In April, new car registrations in the United Kingdom continued their upward trajectory for the 21st consecutive month, marking a modest 1.0 per cent increase to reach 134,274 units, according to the latest data released by the Society of Motor Manufacturers and Traders (SMMT). Despite this positive momentum, the market still lags behind pre-pandemic levels by 16.6 per cent, albeit showing resilience in what is traditionally a low-volume month post-March plate change.

Fleet registrations emerged as the primary driver of growth, soaring by 18.5 per cent to reach 81,207 units, representing over six in ten of all new cars registered in April. Conversely, private buyer uptake witnessed a dip of 17.7 per cent, with 50,458 units registered, while business registrations also declined by 16.1 per cent, totalling 2,609 units.

UK new car sales, April 2024

The Ford Puma returned to the top spot in April with 4,339 registrations, followed by the Volkswagen Polo (3,413) and Audi A4 (3,010). Since the beginning of the year, the Puma has been the best-selling model in the UK with 19,393 sales. The Nissan Qashqai – the model that occupied the charts last month – is second with 17,050 sales, followed by the Kia Sportage with 15,824 sales.

UK's best-selling models in April 2024

1. Ford Puma - 4,339

2. Volkswagen Polo - 3,413

3. Audi A3 - 3,010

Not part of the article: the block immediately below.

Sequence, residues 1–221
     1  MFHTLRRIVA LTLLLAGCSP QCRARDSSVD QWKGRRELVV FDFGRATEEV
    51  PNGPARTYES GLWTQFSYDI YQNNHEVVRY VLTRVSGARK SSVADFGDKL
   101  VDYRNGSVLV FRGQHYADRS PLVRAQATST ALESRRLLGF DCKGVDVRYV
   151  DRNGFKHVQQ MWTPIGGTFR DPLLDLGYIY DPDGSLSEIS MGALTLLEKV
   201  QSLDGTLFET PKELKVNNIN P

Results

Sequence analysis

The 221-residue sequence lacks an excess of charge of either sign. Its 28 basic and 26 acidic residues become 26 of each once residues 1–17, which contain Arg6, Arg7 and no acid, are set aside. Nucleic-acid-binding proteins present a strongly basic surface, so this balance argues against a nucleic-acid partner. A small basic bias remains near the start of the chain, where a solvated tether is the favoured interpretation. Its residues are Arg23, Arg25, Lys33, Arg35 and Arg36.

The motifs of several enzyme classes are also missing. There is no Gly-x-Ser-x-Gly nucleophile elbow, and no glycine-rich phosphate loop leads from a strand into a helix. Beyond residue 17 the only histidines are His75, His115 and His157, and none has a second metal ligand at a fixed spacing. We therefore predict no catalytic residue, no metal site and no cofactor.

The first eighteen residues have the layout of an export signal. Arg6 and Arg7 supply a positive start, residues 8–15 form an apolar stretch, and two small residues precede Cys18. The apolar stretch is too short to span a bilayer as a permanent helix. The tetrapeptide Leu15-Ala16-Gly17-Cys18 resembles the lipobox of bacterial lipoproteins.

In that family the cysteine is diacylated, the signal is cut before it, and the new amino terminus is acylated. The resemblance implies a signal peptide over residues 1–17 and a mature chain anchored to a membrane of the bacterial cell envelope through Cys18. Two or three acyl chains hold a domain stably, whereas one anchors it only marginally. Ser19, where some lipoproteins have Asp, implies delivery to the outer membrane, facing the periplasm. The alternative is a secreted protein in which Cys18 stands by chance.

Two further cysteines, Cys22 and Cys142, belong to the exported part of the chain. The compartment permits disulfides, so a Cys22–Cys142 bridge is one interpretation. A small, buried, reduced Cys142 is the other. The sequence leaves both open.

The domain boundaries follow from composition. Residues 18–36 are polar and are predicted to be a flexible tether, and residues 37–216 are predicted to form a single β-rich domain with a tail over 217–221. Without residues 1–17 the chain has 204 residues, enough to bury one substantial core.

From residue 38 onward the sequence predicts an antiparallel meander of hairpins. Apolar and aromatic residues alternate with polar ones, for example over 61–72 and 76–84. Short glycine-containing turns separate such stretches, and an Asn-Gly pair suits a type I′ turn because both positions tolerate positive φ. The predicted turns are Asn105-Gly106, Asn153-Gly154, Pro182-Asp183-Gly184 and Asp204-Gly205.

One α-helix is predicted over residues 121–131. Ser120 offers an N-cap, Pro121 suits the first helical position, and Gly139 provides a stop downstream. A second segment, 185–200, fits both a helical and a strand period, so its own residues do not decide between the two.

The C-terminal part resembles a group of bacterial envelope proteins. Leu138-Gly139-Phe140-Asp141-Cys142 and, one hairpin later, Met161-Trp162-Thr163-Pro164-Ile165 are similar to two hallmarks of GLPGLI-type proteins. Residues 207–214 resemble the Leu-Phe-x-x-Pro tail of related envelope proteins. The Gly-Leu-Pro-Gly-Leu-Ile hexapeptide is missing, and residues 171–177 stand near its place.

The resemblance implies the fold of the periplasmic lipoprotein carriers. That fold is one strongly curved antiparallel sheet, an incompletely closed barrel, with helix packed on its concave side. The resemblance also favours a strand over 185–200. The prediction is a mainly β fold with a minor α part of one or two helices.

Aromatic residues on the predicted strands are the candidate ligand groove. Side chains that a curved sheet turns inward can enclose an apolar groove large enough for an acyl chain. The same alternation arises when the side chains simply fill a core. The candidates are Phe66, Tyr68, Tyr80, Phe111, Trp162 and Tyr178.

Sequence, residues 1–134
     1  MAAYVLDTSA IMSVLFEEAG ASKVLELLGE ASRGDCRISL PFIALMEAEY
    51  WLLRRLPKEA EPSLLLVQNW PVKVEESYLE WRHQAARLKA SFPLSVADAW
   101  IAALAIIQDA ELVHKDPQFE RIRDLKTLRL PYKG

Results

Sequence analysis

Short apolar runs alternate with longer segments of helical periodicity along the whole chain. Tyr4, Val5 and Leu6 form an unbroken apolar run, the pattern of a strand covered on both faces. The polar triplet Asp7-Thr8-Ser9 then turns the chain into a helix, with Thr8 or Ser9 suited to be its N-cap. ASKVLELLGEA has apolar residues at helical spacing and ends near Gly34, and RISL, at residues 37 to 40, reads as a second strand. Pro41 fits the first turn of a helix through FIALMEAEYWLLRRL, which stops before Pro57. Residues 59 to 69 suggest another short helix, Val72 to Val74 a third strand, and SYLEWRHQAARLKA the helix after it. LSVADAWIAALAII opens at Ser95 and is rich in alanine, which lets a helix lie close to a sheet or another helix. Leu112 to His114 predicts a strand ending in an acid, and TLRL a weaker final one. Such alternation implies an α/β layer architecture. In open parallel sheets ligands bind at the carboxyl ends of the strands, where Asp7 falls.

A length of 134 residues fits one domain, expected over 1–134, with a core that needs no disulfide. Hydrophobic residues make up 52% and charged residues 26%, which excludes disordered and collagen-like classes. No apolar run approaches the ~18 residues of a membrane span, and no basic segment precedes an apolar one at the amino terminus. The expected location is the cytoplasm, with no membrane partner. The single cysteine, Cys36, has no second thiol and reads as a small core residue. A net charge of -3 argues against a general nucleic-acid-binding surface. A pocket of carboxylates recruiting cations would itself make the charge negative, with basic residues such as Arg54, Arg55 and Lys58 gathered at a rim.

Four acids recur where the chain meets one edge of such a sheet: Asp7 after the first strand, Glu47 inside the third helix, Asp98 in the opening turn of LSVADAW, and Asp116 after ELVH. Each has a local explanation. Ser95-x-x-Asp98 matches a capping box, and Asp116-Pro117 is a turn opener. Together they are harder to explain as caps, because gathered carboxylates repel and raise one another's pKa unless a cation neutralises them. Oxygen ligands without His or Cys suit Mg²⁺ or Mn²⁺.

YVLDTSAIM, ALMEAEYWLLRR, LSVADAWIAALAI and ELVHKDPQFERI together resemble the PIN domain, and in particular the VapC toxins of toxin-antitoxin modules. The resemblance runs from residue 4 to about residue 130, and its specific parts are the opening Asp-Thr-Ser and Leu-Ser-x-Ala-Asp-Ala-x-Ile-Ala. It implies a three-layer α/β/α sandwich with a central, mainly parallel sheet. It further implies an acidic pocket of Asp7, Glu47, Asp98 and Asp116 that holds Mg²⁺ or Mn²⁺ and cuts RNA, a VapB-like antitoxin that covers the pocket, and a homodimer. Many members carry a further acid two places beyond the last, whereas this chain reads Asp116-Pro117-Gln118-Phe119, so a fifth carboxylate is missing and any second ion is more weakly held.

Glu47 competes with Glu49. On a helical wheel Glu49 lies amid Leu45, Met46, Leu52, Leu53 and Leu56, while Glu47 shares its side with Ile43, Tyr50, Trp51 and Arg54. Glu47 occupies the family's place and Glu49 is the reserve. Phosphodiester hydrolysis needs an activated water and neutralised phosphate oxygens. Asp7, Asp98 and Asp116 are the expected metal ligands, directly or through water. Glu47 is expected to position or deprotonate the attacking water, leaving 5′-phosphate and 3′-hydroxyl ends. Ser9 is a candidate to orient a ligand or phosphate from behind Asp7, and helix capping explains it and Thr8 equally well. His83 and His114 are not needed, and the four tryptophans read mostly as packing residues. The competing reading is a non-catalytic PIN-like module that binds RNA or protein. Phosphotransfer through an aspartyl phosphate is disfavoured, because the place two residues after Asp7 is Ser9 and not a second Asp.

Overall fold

4. Nissan Qashqai - 2,495

5. Volkswagen Golf - 2,361

6. Kia Sportage - 2,192

7. Volkswagen T-Roc - 2,162

8. MG HS - 2,073

9. Volvo XC40 - 2,069

10. Volkswagen Tiguan - 2,004

The surge in electrified vehicles remained a significant contributor to market expansion. Plug-in hybrids exhibited the strongest growth, climbing by 22.1 per cent and capturing a 7.8 per cent market share. Hybrids followed suit, experiencing a 16.7 per cent uptick and accounting for 13.1 per cent of demand. Notably, EV registrations witnessed a 10.7 per cent increase, driven primarily by compelling fiscal incentives for businesses, resulting in a market share rise to 16.9 per cent, up from 15.4 per cent in the previous April.

However, while the overall increase in EV demand is promising, concerns linger over private buyer enthusiasm. Less than one in six new electric vehicles purchased in April were by consumers, with uptake volumes plummeting by 21.9 per cent.

UK’s best-selling models year-to-date

1. Ford Puma - 19,393

2. Nissan Qashqai - 17,050

3. Kia Sportage - 15,824

4. Audi A3 - 13,503

5. Nissan Juke - 13,070

6. Volkswagen Golf - 12,651

7. BMW 1 Series - 12,210

8. MG HS - 12,101

9. Volkswagen T-Roc - 11,096

10. Mini - 11,067

“The new car market continues to grow even in the quieter months, driven primarily by fleet demand. This is particularly true of the electric vehicle sector, where the absence of government incentives for private buyers is having a marked effect. Although attractive deals on EVs are in place, manufacturers cannot fund the mass market transition single-handedly. Temporarily cutting VAT, treating EVs as fiscally mainstream not luxury vehicles, and taking steps to instil consumer confidence in the chargepoint network will drive the market growth on which Britain’s net zero ambition depends,” Mike Hawes, SMMT chief executive, commented.